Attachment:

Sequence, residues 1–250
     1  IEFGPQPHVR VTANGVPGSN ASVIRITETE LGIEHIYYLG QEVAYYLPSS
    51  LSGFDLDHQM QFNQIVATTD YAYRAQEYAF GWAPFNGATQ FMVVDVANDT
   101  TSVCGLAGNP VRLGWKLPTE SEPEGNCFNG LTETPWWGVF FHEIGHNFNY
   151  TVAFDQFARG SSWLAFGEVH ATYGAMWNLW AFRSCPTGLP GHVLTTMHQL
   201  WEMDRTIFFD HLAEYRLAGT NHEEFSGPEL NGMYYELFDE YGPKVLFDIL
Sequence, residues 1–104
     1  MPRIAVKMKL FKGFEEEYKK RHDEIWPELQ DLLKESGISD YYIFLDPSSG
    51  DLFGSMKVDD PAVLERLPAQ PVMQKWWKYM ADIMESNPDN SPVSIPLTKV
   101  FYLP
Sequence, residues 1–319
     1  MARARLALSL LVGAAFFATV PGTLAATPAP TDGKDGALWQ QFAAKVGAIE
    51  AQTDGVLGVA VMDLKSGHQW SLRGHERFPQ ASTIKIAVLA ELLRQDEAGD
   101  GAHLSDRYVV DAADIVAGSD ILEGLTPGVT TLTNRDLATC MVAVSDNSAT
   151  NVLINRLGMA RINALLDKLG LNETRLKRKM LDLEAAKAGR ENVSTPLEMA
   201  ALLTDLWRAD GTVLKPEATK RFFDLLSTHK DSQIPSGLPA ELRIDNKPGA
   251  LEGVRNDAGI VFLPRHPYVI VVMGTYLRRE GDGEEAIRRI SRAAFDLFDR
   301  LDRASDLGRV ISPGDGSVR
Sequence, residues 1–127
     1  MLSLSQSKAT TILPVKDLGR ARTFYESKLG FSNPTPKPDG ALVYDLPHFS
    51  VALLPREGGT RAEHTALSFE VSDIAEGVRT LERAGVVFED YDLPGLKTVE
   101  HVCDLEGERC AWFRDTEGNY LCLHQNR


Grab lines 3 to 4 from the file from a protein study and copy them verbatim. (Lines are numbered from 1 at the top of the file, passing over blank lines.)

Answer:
    51  LSGFDLDHQM QFNQIVATTD YAYRAQEYAF GWAPFNGATQ FMVVDVANDT
   101  TSVCGLAGNP VRLGWKLPTE SEPEGNCFNG LTETPWWGVF FHEIGHNFNY